You read on our blog that you can use diatomaceous earth or DE in a sand filter. You have a cartridge filter for your swimming pool rather than a sand filter. You’re curious whether you can add DE to your cartridge filter. Can you?
You shouldn’t add DE to a cartridge filter. The diatomaceous earth can clog up a cartridge filter, making filtering ineffective and raising the pressure too high. It is also very hard to clean or remove DE from a cartridge filter.
Ahead, we’ll talk further about why you shouldn’t use DE in a cartridge filter, whether you can make a cartridge filter into a DE filter, and how to keep your water clean with just a cart filter. Make sure you keep reading!
The Dangers of Adding DE to a Cartridge Filter
Going back to what we said in the intro, DE is not designed for cartridge filters.
A cartridge filter features a pleated cloth filter made of spun polyester. When pool water passes through the pleats, the polyester will hold onto the particles, but only between five and 25 microns. That’s still better than a sand filter’s particle-trapping capacity, which is 20 to 40 microns.
So what happens if you mix DE and a cartridge filter in your swimming pool? Here are the risks you could incur.
More Frequent Filter Replacements
When used properly, a cartridge filter is only supposed to need replacing maybe every 1-3 years. There is no set time actually – it’s based on wear and tear.
Each time you clean your cartridge filter, you’re reducing its effectiveness one cleaning at a time. The filter pleats deteriorate and they tend to clog up to a point that even cleaning it won’t fix it. Eventually rendering it useless.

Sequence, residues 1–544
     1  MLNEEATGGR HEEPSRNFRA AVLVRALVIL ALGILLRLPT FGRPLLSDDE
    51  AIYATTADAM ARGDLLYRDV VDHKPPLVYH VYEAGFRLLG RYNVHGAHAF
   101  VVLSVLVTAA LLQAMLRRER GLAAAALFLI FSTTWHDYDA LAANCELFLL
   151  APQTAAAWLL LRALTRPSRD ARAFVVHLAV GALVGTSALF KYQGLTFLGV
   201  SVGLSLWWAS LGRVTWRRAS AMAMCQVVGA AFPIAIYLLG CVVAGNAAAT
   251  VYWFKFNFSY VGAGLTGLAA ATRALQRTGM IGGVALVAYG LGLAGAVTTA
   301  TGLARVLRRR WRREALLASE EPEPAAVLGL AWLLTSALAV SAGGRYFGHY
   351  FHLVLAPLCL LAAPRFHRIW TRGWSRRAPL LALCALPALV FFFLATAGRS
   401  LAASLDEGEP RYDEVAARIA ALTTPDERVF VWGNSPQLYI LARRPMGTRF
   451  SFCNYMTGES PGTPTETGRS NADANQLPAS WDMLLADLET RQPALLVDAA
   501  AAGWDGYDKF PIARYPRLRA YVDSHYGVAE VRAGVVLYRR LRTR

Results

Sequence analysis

You’re only supposed to clean a cartridge filter twice per year to get the maximum life out of it. Yet pool owners who have added DE to a cartridge filter have found they have to clean their filter a lot more.
The woven polyester and diatomaceous earth don’t play well together. The DE gets stuck in the pleats, causing you to have to spend hours removing the stuff. In doing so, you’re killing your cartridge filter more and more.
You won’t get nearly as many years out of the filter as you should. Even though cartridge filters aren’t the most expensive type of pool filter, any unnecessary replacement is a hit on your wallet.
Diatomaceous earth itself is between three and five microns. We established above that a cartridge filter can only filter the water down to five and 25 microns. Thus, DE might be smaller than what a cart filter can reasonably catch.
What do you think happens in a scenario like that? The diatomaceous earth that doesn’t get caught in the cartridge filter will now enter your pool.
With DE floating throughout your pool, the water is going to become more and more opaque. That cloudy quality can be hard to eliminate and you may need a flocculant to remove it. That can be a time-consuming job!
Here’s yet another byproduct of DE getting in your pool. Your swimming pool circulatory pressure will begin to increase if the DE has clogged your filter. And with increased pressure, the pump has to work that much harder to push the water through the filter. Which in turn can lead to pump failure.
Respiratory Health Harm
A little bit of DE is quite a big deal. The above dangers aside, swimming in a pool with DE lingering about can be bad for your health and that of your family. Diatomaceous earth is known to be hazardous to respiratory health should you ingest it.
In fact, it’s been classified by some government departments as a carcinogen.